Protein Loss Plays Role in Acute T-cell Leukemia
The loss of a key protein (Smad3) in a pathway that helps prevent
tumors from forming is specific to one form of childhood leukemia,
but not to other pediatric and adult forms of leukemia, according
to a new study published in the August 5, 2004, New England Journal
of Medicine*. The study was done by scientists at the National
Cancer Institute (NCI), part of the National Institutes of Health
(NIH), and gives researchers new insights into how leukemias vary
on a molecular level.
Smad3 is an important player in a cellular network relay system
called the transforming growth factor Β (TGF-Β) signaling
cascade. TGF-Β binds to receptors on the surface of blood cells that
develop in bone marrow and activates a multi-protein cascade that
relays these external signals into the nucleus of the cell. These
signals typically slow the rate at which these blood cells proliferate.
Thus, when this signal pathway is interrupted, TGF-Β can no longer
control cell proliferation, and this potentially can lead to leukemia
a cancer of blood cells.
To better understand the role of Smad3 in this pathway and how
it may vary in different forms of leukemia, John Letterio, M.D.,
and a team of researchers looked for the presence of Smad3 protein
in samples of human leukemia cells collected from patients with
one of three different childhood leukemias: a T-cell derived leukemia,
B-cell derived leukemia (both are a type of white blood cell known
as a lymphocyte), and non-lymphocyte leukemia. Smad3 protein was
present in the B-cell and non-lymphocyte samples, but almost non-existent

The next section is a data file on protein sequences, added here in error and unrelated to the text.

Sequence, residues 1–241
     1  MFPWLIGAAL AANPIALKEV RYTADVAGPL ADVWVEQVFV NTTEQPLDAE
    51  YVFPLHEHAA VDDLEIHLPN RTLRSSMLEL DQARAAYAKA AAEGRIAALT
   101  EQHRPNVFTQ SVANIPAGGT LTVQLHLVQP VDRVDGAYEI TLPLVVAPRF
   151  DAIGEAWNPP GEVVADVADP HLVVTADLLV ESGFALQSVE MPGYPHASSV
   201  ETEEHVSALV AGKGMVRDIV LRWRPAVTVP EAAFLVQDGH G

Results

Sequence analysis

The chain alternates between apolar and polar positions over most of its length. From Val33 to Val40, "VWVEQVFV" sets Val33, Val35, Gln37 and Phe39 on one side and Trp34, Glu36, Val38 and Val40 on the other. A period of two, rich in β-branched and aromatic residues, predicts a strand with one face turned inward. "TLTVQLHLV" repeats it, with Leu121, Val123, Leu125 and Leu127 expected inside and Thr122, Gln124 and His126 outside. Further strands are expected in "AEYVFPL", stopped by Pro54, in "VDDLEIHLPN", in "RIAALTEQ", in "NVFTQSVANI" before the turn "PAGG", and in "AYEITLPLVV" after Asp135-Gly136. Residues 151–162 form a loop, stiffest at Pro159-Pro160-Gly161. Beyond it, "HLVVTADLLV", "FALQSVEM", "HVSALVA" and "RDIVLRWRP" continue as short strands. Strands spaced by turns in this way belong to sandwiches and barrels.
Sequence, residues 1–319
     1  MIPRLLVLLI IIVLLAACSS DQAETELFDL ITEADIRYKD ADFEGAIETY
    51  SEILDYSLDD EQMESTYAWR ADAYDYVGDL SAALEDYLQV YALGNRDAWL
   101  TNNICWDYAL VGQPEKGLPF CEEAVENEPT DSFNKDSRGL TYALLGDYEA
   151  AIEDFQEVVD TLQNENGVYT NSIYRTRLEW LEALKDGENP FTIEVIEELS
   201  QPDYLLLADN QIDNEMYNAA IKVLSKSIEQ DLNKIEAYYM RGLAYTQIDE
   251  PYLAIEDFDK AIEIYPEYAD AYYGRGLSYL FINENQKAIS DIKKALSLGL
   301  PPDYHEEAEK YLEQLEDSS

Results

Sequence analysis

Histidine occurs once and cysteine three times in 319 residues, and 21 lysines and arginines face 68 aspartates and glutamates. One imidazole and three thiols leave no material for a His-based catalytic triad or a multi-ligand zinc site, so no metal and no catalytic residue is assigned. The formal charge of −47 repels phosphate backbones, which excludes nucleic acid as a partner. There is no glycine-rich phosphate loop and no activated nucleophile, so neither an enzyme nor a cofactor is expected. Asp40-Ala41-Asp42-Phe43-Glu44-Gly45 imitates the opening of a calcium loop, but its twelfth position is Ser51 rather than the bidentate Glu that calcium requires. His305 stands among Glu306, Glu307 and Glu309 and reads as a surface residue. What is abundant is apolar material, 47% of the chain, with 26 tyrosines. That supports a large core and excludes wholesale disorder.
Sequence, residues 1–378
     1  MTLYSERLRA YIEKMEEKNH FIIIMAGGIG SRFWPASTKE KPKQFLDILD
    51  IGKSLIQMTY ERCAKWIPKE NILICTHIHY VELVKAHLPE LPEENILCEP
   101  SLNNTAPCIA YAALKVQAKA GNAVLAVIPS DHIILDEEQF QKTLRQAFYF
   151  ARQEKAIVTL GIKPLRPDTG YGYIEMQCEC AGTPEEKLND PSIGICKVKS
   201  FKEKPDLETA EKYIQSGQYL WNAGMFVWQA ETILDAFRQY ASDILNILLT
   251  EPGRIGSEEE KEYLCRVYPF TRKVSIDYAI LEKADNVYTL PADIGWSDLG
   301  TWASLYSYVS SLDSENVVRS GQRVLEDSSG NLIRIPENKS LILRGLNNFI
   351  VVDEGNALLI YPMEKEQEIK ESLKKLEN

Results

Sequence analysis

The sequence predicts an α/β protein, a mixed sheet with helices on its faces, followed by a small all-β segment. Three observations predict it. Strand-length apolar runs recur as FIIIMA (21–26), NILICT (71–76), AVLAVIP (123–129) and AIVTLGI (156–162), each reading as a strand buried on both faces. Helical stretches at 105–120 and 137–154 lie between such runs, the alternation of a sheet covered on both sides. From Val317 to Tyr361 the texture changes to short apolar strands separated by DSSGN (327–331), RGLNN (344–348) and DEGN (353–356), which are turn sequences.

in all the T-cell samples. This lack of Smad3 protein also appears
to be restricted to childhood T-cell leukemia, because the researchers
demonstrated that Smad3 was present in two adult forms of T-cell
leukemia: Sezary syndrome and a virus-induced (HTLV-1) leukemia.
In mice, deletion of one or both copies of the Smad3 gene specifically
impairs the ability of TGF-Β to stop T-cell proliferation, so the
discovery that Smad3 was unique to the T-cell leukemia was not surprising.
The surprise and mystery of these findings is the biology behind
Smad3's absence. The leukemia cells produced normal levels of Smad3
mRNA the instructions that cells use to make protein indicating
that the Smad3 gene is turned on. Furthermore, the researchers found
that the sequence of the Smad3 gene in patient samples was identical
to the normal Smad3 gene found in healthy T cells, signifying that
a genetic mutation was not the culprit either.
"We don't yet know the mechanisms behind this loss of Smad3
protein," said Letterio, "but two possibilities may be
that protein synthesis is being blocked or that the protein is made
but degraded very quickly."
What the researchers do know is that Smad3 loss alone is likely
not responsible for onset of leukemia, since the Smad3-deficient
mice do not develop tumors despite their increased number of T-cells.
To address this idea that some other factor is required, Letterio's
group examined the connection between Smad3 and p27Kip1, another
protein with an important role in regulating cell growth. Mice with
p27Kip1 deleted have increased numbers of T-cells but, similar to
mice with Smad3 deleted, they do not develop leukemia. However,
when the researchers deleted one copy of the Smad3 gene in these
p27Kip1-deficient mice, 50 percent of the mice died within six months,
and several of them developed leukemia. Mice with both p27Kip1 and
Smad3 completely deleted could not be studied, as most died as embryos.
The researchers hope that continued work will uncover other genetic
alterations that, when linked with Smad3 loss, play a role in the
genesis of pediatric T-cell leukemia. Letterio also pointed out
that their study did not examine all the variations of leukemia.
"Whether or not Smad3 plays a role in other forms of leukemia
is still an open question," he said.
For more information about cancer, visit the NCI Web site at http://www.cancer.gov
or call NCI's Cancer Information Service at 1-800-4-CANCER (1-800-422-6237).
*Wolfraim LA, Fernandez TM, Mamura M, Fuller WL, Kumar R, Cole
DE, Byfield S, Felici A, Flanders KC, Walz TM, Roberts AB, Aplan
PD, Balis FM, and Letterio JJ. "Loss of Smad3 in Acute T-Cell
Lymphoblastic Leukemia", New England Journal of Medicine, Vol